Creating Battle Cards is Imperative to Improve Sales Performance

With so many solid competitors in the marketplace, the sales process can sometimes feel almost like a battlefield, and that is where battle cards come into play. A sales team without battle cards is almost like an army going to war without ammo.

Battle cards give your sales team short and precise tactics to sell against competitors. Battle cards help them answer the most asked question by customers, 'how do you stack up against your competitors?'

This article will suggest how to build the ideal sales battle card to help your sales rep win deals against your competitors.

Why Do You Need Battle Cards?

Sales battle cards are a compilation of information about your products, market, customers, and competitors. Essential information in the battle card can be shown in text, graphics, or videos.

All the same, a well-designed battle card should not overwhelm salespeople with irrelevant data. Instead, it provides them with actionable insights to engage customers in discussions about their needs, emphasizing the reference to the alternatives.

Essentially, battle cards will provide the sales team with key talking points which help them understand consumer expectations, product advantages, and the competitive differentiators to help meet those needs.




How to Build the Ideal Sales Battle Card?

Battle cards are typically 2-3 pages long, and the card format varies widely, depending on a company's needs and business strategy. Generally, here are the items that we see as imperative to include.


Competitor Overview

Your sales rep needs to know the basics about your competitors. The competitor's company overview should include the company name, website, location, the total number of employees, and financial data. The more you know about the players in the game, the better.


Target Customers

Identify the buyer personas, customer pain points, and how your products address these issues. That will help you identify upselling and cross-selling opportunities. Also, it will help you understand the market segments you're not performing well.

Sources: Your sales team. Competitive Intelligence HUMINT program.

Outline Important Product Features

What key details should you know about your products? In this section, stick to the highlights. You want to highlight the most used and desired features. Also, if there're features customers don't care about at the purchase, it's time to highlight them. (see next item).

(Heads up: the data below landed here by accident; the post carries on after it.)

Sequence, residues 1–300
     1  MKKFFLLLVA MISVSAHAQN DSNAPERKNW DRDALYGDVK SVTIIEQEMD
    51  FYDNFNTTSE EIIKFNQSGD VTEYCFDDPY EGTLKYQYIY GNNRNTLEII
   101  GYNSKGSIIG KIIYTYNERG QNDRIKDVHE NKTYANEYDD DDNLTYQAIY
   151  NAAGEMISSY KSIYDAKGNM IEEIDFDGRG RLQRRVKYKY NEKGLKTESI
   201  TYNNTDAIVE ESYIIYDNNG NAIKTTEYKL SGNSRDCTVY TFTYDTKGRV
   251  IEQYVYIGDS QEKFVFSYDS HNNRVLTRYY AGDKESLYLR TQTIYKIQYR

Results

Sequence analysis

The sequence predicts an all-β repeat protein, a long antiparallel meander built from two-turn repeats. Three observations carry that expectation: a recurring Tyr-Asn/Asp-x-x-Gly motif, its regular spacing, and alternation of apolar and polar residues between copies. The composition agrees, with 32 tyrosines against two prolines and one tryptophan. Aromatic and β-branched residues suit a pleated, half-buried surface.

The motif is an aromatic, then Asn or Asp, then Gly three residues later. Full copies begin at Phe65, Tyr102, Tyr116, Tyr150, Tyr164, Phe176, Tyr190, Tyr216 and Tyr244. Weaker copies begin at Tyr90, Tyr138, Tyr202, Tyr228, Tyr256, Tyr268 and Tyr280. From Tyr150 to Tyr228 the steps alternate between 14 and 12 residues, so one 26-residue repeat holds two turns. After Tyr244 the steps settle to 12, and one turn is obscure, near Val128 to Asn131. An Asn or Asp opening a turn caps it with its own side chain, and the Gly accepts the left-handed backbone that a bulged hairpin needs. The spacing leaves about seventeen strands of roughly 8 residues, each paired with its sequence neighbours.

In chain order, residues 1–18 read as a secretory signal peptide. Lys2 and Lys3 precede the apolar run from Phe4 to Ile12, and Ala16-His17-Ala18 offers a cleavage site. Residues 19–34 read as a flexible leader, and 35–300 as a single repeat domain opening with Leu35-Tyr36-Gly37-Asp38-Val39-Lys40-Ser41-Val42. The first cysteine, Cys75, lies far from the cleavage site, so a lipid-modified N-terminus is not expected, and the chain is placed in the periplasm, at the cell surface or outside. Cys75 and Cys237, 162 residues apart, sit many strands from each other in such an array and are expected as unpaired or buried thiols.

FUDs

There is more to battle cards than just comparing the differences between two companies. Take it further and analyze the information you have gathered about your competitors. That will help your sales team identify the holes in your competitor's offerings. Hence you can pitch your company as a better solution and plant fears, uncertainties, and doubts (FUDs) in the prospect’s decision to choose differently.


Landmines

Landmines are the questions or topics that would doubt your ability to deliver. These can be used at any point in a sales cycle. Your sales reps must be prepared with conversational strategies to address the potential issues your customers might have with your services or products. When you proactively manage the objections in a sales process, you increase the chances of closing a deal.


Success Stories

If you want your battle card to stand out, you need business proof. These should be evidence, cold hard facts, and examples showing real-life customers that have used your products. Choose your best success stats and case studies and add them to the battle card. Be specific and use accurate statistics to demonstrate how customers have used your products and services.


Live Battle Cards

The competitive landscape is dynamic as new technologies appear and client feedback is accumulated. Therefore, battle cards must be updated regularly. As you create your sales battle card, remember that it needs to work for your team. Constantly gather feedback and what's working and what needs some improvements. You can divide them into verticals, regions, or product modules to keep them even more relevant.


Sources

To develop a practical card, you must use internal sources like your product management, regional sales, and external teams. Open web, annual reports, and traditional analyst firms can help with the general required items. However, to get the most validated data, you will need to run a Competitive Intelligence program based on the experience and knowledge of executives in the market.